Boston.com 
BOSTON (AP) — Republican Gov. Charlie Baker in joining with the state's all-Democratic congressional delegation in expressing relief at the failure of the U.S. House to pass a GOP bill aimed at undoing former President Barack Obama's health care law. See more..
CNBC 
"If we get a delayed pullback on Monday as people worry that losing on health care means the rest of the president's agenda is doomed to fail, I think you should use that as a chance to buy some stocks like the industrials that would benefit from tax ... See more..
AOL 
She also posted a statement, noting, in part, "Today was a victory for the 24,000,000 people at risk of losing their health insurance, for seniors, for families battling the quiet epidemic of addiction, for new moms, and women everywhere. Most of all ... See more..
CNBC 
U.S. equities closed mixed Friday after a choppy trading session with NBC News reporting the House pulled a key health-care bill. See more..
Show Less News

Overview

Some of the world’s most significant health threats include HIV/AIDS, heart disease, lung disease, cancer, diabetes, diarrheal diseases, and poor vaccination practices.

Over 33 million people are currently living with HIV/AIDS worldwide, and over 25 million people have died since the first case of HIV/AIDS was diagnosed in 1981.1 Nearly 97% of all those infected with HIV/AIDS live in low and middle-income countries, and are particularly concentrated in sub-Saharan Africa.2. An estimated 3.4 million children are currently living with HIV/AIDS worldwide.3 People living with HIV/AIDS are statistically more likely to face discrimination, isolation, and abuse from family members and other members of society as a result of the negative stigmas surrounding the disease.4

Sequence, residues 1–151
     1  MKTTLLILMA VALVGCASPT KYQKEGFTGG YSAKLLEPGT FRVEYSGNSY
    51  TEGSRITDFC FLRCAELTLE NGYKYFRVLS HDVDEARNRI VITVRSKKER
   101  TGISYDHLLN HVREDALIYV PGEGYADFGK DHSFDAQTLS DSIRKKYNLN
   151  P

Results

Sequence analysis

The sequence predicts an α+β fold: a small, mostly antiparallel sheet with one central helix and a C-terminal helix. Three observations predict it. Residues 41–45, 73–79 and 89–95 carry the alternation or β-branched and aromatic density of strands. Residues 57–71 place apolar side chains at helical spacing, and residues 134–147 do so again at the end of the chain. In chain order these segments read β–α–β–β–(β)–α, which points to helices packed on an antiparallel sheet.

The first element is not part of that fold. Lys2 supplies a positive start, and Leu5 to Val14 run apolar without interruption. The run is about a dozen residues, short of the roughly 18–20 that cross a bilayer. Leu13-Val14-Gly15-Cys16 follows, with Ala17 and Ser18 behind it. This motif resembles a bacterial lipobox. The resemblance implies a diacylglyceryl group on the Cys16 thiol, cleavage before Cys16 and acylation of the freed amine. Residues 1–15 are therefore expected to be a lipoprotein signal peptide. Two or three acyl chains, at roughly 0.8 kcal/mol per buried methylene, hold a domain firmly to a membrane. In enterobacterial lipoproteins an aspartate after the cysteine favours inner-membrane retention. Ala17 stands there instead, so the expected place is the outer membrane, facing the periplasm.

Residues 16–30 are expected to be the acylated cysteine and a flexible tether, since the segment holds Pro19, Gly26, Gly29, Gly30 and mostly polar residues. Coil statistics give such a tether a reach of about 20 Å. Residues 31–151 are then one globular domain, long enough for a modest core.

Sexually transmitted diseases are a major health burden, and more than one million people contract a sexually transmitted disease every day worldwide.5 Additionally, each year 500 million people become ill with chlamydia, gonorrhea, syphilis, or trichomoniasis.6  Several strains of sexually transmitted infections can substantially increase the likelihood of contracting HIV.7 More than 290 million women globally are infected with the human papillomavirus (HPV).8 Untreated HPV can cause cervical cancer and cancers of the vulva, vagina, penis, anus, throat, and tonsils.9

Noncommunicable diseases were attributed to 68% of deaths worldwide in 2012.10 The four leading noncommunicable diseases globally are cardiovascular diseases, cancers, diabetes, and chronic lung diseases.11 Cancer accounts for over 8 million deaths each year,12 cardiovascular diseases for 17 million deaths, lung diseases for 4 million, and diabetes for 1.3 million deaths.13 More than 80% of deaths from noncommunicable diseases occur in low or middle-income countries.14 Most noncommunicable diseases have similar risk factors, such as physical inactivity, excessive tobacco and alcohol use, and poor nutritional health.15